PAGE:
linearly with age in late adulthood. Figure 1 shows this pattern for selected cohorts of women born between 1860 and 1940 for various European countries—Belgium, Denmark, France, The Netherlands, Norway, and Sweden—(panel 1) and for France alone (panel 2). Although the level of mortality has changed substantially over time, the evolution of mortality rates by age is very similar across many countries and over time (these patterns are similar though not identical for men). Mortalitycurves also display an “adolescent hump,” especially visible in cohorts born in the 19
We propose a dynamic production function of population health and mortality from birth onwards. Our parsimonious model provides an excellent fit for the mortality and survival curves for both primate and human populations since 1816. The model sheds light on the dynamics behind many phenomena documented in the literature, including (i) the existence and evolution of mortality gradients across socio-economic statuses, (ii) non-monotonic dynamic effects of in-utero shocks, (iii) persistent or “scarring” effects of wars and (iv) mortality displacement after large temporary shocks such as extreme weather.
A lack of timely financing for purchases of vaccines and other health products impeded the global response to the COVID-19 pandemic. Based on analysis of contract signature and delivery dates in COVID-19 vaccine advance purchase agreements, this paper finds that 60-75 percent of the delay in vaccine deliveries to low- and middle-income countries is attributable to their signing purchase agreements later than high-income countries, which placed them further behind in the delivery line. A pandemic Advance Commitment Facility with access to a credit line on day-zero of the next pandemic could allow low- and middle-income countries to secure orders earlier, ensuring a much faster and equitable global response than during COVD-19. The paper outlines four options for a financier to absorb some or all of the risk associated with the credit line and discusses how the credit would complement other proposals to strengthen the financing architecture for pandemic preparedness, prevention, and response.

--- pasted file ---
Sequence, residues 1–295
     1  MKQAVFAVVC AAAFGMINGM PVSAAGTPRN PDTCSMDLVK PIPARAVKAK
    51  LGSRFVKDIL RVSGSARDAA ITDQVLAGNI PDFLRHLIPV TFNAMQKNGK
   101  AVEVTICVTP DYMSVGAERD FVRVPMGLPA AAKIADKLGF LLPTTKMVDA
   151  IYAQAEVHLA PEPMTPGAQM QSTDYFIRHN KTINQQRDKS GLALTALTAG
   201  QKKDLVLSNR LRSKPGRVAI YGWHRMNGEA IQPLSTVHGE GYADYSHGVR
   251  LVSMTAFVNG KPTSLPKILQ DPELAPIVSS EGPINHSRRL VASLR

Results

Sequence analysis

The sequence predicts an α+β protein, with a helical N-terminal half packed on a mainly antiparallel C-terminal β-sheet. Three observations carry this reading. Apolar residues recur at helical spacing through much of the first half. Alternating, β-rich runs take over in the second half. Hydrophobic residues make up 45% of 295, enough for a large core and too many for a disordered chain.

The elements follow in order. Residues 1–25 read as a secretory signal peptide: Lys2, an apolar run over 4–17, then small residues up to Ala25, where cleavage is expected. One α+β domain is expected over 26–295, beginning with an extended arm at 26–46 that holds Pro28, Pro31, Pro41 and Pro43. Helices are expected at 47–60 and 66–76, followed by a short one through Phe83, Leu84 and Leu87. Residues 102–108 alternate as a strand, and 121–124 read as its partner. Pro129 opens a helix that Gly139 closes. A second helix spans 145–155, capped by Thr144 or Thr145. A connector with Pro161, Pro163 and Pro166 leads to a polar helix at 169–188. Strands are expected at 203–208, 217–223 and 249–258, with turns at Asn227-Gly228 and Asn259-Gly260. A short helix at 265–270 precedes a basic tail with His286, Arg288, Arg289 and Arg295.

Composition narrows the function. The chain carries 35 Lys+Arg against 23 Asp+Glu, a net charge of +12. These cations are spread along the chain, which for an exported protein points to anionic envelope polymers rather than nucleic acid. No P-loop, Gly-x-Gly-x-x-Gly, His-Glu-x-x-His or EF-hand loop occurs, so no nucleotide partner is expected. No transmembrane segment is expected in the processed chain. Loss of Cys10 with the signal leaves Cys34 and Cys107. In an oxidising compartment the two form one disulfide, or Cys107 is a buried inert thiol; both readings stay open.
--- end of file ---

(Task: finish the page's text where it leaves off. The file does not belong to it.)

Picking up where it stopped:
mortality over the lifetime is remarkably similar across human populations and in fact across most primates. Because of this regularity, demographers have searched for a “unified” model of mortality that would predict mortality from birth to death at least since the early 19th century ( Gompertz, 1825 ). Like much of the following literature (e.g. Li and Anderson, 2013 ) Gompertz’s model accounts for mortality only after a certain age , focusing on the roughly log-linear portion of the mortalitycurve after age 30–40. There are a few exceptions. An early model proposed